Namely, this one:
<img alt="tim-map.jpg" src="http://blog.pandora.com/pandora/tim-map.jpg" width="300" height="200" class="mt-image-right" style="float: right; margin: 0 0 20px 20px;" />
Maybe it's just convenience for the company/blogger, not bothering to resize. But then, every access is a 2+ MB hit -- which is how I noticed it -- both for you, and for the viewer, which may particularly impact mobile viewers and others on limited bandwidth connections.
I wrote an image API at my place of work to take a file by name and accept dimensions in the query string. It resizes the image, caches the file on disk, at and serves the smaller file. However, it's tough to integrate that API with every little WYSIWYG editor we have, so sometimes we still serve up large files in this way.
Usually, intentional retina-quality images have plenty of telltale signs (like the @2x naming convention).
That's a job for a computer, not a human. It's a waste of an editor's time to dwell on such details, just as it's a waste of a newspaper editor's time to worry about the ink in the printing machines.
Also, you just admitted that your own place of work serves large images. Let's not throw blame around that we're not willing to take ourselves.
> you just admitted that your own place of work serves large images. Let's not throw blame around that we're not willing to take ourselves.
Yes, it happens at my place of work, and that is where my generalization came from. I intended to indicate that even when taking steps to mitigate the issue, it still crops up because it's a hard problem to fix. Eventually, work gets delegated to people that don't know everything they should. It is not a big deal as long as people are learning from it.
It happens when we assign web tasks to interns "and non-webdev staff" without proper education/training. So if you follow Toyota's "five whys" rule, it is not the interns' fault at all.
Pandora also pays the publishers for the performance right, separately from SoundExchange. This can be a fixed percentage of revenue. Societies like ASCAP, BMI, and SESAC generally administer the rights on behalf of the publishers.
Lastly, Pandora also pays Harry Fox Agency the statutory rate for the mechanical rights. HFA in turn pays the song writers.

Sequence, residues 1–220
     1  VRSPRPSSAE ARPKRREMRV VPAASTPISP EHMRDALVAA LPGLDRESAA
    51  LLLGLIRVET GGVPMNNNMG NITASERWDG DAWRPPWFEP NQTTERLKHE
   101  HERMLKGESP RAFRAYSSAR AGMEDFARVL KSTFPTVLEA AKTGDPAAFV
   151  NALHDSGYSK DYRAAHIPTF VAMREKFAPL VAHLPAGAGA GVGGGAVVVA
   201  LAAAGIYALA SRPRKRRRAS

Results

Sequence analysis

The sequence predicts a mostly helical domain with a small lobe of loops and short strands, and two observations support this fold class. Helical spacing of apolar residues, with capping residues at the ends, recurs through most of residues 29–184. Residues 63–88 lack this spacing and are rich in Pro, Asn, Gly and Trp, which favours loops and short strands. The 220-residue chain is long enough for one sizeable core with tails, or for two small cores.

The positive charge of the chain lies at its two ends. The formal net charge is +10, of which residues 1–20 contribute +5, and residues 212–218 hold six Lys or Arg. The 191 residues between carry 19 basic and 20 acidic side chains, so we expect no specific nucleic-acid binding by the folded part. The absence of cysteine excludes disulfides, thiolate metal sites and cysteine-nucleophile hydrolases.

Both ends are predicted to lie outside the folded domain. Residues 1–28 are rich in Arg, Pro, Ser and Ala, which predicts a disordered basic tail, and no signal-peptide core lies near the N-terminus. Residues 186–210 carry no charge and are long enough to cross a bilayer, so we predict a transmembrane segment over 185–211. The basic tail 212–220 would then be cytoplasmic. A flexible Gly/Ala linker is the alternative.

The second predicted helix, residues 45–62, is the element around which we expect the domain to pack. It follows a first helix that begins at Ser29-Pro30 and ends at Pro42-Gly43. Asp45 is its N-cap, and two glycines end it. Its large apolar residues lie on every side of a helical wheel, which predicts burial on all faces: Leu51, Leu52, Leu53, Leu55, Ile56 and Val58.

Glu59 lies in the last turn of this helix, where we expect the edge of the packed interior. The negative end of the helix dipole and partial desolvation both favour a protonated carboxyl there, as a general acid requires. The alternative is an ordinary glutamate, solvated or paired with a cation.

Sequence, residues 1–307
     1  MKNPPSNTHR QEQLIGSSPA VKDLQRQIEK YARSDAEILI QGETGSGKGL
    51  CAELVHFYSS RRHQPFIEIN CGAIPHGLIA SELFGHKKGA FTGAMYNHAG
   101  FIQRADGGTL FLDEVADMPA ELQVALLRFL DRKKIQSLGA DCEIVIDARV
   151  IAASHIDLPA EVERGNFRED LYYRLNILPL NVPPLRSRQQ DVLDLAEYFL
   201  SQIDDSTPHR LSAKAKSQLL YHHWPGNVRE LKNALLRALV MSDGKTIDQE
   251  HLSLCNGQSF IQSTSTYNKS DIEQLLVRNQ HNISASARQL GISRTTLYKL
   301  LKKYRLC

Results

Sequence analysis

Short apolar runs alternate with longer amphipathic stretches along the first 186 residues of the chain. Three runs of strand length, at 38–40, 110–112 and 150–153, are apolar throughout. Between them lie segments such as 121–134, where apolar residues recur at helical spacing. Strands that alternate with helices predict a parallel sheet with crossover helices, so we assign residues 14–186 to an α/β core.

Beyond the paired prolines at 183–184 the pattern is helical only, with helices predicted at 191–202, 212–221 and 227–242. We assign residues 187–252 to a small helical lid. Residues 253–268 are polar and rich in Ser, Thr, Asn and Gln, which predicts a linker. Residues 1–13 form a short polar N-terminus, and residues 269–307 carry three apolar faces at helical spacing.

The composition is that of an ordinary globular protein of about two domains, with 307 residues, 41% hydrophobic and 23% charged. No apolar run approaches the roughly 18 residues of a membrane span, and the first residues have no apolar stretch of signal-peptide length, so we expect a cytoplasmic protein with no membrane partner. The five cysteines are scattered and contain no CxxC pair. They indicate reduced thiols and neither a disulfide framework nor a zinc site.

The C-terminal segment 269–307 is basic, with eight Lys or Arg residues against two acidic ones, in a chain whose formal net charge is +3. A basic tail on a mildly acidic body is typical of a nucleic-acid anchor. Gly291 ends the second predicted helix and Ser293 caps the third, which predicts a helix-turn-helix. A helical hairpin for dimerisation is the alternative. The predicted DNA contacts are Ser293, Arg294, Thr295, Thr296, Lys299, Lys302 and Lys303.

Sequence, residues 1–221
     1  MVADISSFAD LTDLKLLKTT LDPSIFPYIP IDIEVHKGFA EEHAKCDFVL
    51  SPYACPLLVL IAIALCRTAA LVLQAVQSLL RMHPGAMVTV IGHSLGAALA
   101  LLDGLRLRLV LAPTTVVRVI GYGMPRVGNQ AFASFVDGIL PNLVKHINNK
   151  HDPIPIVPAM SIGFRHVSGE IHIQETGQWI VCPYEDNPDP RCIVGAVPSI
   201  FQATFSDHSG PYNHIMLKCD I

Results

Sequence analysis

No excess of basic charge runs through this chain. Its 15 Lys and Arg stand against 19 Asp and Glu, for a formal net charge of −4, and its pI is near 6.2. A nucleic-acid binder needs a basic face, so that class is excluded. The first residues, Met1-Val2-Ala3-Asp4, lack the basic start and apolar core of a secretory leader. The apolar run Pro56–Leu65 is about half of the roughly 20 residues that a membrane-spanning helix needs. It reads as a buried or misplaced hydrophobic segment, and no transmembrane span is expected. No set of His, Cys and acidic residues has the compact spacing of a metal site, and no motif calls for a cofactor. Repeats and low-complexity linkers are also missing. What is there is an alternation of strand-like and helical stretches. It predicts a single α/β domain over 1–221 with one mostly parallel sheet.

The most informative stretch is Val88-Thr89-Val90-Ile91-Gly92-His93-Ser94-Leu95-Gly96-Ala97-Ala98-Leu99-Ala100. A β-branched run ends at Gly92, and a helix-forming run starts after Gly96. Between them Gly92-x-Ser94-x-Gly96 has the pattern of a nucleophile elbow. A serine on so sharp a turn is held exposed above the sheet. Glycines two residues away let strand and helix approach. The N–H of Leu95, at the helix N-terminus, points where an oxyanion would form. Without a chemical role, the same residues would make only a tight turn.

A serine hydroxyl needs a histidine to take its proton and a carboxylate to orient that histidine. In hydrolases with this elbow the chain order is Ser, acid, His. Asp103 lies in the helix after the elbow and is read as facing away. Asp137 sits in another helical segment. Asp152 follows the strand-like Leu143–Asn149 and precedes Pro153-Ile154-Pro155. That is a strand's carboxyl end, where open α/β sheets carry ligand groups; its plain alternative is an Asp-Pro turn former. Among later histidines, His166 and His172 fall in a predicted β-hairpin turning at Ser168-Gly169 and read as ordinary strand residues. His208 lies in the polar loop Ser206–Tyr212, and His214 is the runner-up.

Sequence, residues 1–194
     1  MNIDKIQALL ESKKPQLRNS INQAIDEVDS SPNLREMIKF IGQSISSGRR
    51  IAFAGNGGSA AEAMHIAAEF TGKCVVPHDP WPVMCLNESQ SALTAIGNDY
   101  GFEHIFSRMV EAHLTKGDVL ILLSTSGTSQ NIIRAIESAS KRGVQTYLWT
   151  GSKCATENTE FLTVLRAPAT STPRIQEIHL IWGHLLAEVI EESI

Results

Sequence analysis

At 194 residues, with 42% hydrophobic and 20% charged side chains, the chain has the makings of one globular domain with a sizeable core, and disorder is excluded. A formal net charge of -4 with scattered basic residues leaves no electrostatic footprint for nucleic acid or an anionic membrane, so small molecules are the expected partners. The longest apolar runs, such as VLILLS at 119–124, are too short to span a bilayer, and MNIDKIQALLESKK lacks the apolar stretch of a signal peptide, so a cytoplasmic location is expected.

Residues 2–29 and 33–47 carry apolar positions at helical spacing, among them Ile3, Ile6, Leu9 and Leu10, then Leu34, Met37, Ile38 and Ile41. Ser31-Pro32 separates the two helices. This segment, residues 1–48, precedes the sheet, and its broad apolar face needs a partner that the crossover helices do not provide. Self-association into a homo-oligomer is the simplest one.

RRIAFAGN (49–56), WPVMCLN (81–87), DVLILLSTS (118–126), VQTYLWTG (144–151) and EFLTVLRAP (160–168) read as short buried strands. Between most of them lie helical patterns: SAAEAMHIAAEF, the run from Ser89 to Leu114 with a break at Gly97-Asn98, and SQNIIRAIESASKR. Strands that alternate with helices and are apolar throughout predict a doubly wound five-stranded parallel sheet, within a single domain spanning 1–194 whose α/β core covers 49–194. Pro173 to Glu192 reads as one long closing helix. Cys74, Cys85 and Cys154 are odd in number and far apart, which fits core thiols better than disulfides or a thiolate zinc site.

Here's a good breakdown from an old and entertaining (view comments) TuneCore blog post: http://blog.tunecore.com/2012/03/the-additional-10-5-spotify...
Check out TuneCore's Music Industry Survival Guide. It's a useful resource.
Edit: I'm wrong (and so is Tunecore). Parent is partially correct, Pandora does not pay for mechanical rights. They qualify as a PurePlay Webcaster. However, Interactive Streaming services, such as Spotify, do have to pay mechanicals in addition to recording and performance.
In their latest quarter (Q2 FY2013) "Cost of Revenue" made up $68,036,000 on revenue of $101,267,000. Of that, "Content acquisition costs" were $60,522. That means royalties make up a whopping 60% of all revenue. They're not making a profit and have lost money in FY2012 and FY2011.
0. http://investor.pandora.com/phoenix.zhtml?c=227956&p=iro... (see Historical Financials).
Is that surprising? I'd imagine inventory makes up more than that of Amazon's revenue. Both are in the business of selling stuff made by other people. They help you find what you want, sure, but they're distributors.
Where is it written that all distributors should pay the same price for their wares? Wal-Mart pays Proctor and Gamble a significantly lower cost than small grocers. Why? Because Wal-Mart, quite frankly, has P&G by the balls. Yet Wal-Mart is the source of more revenue for P&G than any other distributor, so they earn the right.
Now I realize that Pandora is the exact opposite- the distributor has no leverage, but I believe the same principle applies. There is absolutely no reason that distributors should be treated equally. Competition varies widely across different distribution channels. If Pandora can't operate at a profit, I don't believe it is incumbent on the artists to make way for their sustainability.
Why is $0.002 a fair price to pay each time you play a song? Where did that number come from? Why would Pandora pay this, but Sirius not?